Hybrid waterscapes: an examination of meaning-laden waterflow in the towns of Roman Britain

Ingate, Jay (2014) Hybrid waterscapes: an examination of meaning-laden waterflow in the towns of Roman Britain. Doctor of Philosophy (PhD) thesis, University of Kent,. (Full text available)

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Abstract

In the past twenty years there has been a sustained theoretical challenge to issues of Roman identity in the western provinces. However, despite this body of work, the towns of Roman Britain are still primarily defined by the extent to which they embraced a set of supposedly Mediterranean urban features. This research uses the medium of water to thoroughly explore the reasons behind this approach and the disparity it has created in respect to studies of prehistory. While water is undoubtedly a thread of continuity in human settlement, scholars of the Roman period have been particularly concerned with outlining its urban utilisation as a sign of familiarity, or shared civilisation, between the Roman period and modernity. Subsequently, Roman era structures related to water (such as aqueducts, wells, bridges and bathhouses) have been portrayed as examples of a cultural advancement that was distinct from previous activity within the immediate landscape. This approach has therefore discounted the rich and powerful associations pertaining to water throughout the temperate European prehistory. Through analysis of twenty one of the most influential Roman towns of Britain, this thesis shows how local beliefs would have been an integral part of how one perceived and experienced urban water features. It will be emphasised that the entanglement between these associations and complex, but receptive, incoming cultural influences would have played a key role in creating hybrid waterscapes within these settlements. Fully acknowledging this complex cultural presence of water underlines how the experience of towns in Roman Britain was a product of a number of different perspectives; meaning these places cannot be fully understood without a careful consideration of local context.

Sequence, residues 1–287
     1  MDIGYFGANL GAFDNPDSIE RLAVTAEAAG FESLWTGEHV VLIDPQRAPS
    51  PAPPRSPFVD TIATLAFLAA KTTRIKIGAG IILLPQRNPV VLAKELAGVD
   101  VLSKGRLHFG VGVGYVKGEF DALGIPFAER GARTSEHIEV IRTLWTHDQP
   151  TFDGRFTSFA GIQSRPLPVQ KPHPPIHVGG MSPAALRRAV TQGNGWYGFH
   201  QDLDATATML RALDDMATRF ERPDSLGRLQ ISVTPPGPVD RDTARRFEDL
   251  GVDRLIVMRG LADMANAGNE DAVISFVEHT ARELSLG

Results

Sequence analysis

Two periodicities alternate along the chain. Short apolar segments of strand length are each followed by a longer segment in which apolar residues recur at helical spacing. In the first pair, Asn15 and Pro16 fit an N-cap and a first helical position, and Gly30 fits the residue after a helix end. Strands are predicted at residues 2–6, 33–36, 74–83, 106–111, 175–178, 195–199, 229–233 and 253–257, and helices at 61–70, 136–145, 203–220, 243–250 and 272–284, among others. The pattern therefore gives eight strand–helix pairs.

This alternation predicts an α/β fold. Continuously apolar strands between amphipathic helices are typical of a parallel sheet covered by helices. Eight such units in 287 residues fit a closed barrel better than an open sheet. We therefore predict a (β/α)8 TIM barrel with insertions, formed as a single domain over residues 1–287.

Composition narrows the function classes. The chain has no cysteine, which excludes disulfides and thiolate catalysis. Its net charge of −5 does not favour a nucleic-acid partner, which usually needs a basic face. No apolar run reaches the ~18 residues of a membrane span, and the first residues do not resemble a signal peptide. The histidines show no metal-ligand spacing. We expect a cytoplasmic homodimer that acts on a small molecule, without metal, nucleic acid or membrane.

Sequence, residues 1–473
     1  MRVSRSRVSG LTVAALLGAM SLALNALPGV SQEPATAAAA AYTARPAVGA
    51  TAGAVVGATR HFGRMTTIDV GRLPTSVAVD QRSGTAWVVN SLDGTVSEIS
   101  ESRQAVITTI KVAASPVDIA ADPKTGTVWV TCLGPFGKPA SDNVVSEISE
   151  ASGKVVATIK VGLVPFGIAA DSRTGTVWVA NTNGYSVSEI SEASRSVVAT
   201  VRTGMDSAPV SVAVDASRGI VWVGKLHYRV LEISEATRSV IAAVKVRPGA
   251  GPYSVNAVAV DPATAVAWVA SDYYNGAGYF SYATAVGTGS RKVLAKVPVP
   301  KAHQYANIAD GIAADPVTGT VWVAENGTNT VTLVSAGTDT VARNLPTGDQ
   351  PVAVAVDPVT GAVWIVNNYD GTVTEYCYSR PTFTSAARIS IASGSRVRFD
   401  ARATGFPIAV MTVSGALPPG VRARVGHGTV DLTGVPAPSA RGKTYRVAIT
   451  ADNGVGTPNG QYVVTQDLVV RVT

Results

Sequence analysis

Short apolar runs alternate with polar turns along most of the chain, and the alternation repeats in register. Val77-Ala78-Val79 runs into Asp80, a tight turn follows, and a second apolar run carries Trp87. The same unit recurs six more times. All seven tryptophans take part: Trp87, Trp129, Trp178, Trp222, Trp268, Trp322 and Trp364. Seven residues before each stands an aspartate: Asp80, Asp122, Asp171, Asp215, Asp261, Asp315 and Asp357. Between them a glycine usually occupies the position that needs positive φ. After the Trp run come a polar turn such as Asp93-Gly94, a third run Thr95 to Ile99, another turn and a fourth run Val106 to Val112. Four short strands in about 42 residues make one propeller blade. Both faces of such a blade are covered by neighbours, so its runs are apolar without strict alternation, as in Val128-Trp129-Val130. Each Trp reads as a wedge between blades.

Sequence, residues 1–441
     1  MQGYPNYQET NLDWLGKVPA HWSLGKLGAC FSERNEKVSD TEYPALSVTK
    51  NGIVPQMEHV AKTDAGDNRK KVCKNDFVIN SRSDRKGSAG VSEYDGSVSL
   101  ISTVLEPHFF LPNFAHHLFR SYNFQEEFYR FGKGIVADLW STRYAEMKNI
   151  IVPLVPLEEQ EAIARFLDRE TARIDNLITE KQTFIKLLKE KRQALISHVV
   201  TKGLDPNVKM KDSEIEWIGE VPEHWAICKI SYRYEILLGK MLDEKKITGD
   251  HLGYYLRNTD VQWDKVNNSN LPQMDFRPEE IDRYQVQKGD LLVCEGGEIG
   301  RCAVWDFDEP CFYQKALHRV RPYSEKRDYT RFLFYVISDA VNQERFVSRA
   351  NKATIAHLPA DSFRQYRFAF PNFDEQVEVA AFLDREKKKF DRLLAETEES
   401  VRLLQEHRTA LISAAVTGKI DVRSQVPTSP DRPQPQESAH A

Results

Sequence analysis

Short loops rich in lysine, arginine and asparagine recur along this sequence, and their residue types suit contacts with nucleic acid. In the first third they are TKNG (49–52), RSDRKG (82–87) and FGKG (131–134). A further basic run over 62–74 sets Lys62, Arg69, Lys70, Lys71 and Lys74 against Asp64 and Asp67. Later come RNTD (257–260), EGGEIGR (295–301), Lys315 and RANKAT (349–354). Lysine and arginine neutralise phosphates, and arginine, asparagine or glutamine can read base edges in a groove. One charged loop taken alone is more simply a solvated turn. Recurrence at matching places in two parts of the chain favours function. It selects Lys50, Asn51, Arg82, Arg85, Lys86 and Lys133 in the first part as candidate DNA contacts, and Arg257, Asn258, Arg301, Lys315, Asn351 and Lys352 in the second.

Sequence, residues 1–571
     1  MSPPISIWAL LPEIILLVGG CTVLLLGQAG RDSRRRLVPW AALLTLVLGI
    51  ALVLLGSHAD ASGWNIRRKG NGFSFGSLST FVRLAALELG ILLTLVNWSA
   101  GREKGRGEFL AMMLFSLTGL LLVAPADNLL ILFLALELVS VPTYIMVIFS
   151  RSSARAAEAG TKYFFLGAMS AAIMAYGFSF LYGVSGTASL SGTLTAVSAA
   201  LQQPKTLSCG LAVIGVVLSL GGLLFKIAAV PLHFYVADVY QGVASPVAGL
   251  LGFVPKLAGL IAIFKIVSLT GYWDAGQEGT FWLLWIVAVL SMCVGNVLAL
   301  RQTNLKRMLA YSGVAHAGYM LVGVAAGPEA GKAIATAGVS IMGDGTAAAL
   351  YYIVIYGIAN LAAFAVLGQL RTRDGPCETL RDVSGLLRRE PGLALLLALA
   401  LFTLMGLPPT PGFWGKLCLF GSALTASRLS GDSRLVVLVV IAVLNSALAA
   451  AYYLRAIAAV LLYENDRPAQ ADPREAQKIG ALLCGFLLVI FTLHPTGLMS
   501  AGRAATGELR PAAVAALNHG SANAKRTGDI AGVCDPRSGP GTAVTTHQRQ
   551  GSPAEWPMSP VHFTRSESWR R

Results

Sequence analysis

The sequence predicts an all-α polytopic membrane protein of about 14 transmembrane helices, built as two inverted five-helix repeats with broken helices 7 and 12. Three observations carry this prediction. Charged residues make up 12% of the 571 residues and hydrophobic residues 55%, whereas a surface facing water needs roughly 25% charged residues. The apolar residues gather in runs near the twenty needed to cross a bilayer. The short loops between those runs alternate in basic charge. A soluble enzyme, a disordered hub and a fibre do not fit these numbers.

Item Type: Thesis (Doctor of Philosophy (PhD))
Uncontrolled keywords: Hybridity; Water; Roman; Britain; Iron-Age; Aqueducts; Baths; Wells; Bridges; Ritual Towns;
Subjects: C Auxiliary Sciences of History > CB History of civilization
C Auxiliary Sciences of History > CC Archaeology
Divisions: Faculties > Humanities > School of European Culture and Languages > Classical and Archaeological Studies
Depositing User: Jacqui Martlew
Date Deposited: 10 Sep 2014 15:11 UTC
Last Modified: 25 Jul 2017 13:52 UTC
Resource URI: https://kar.kent.ac.uk/id/eprint/42901 (The current URI for this page, for reference purposes)
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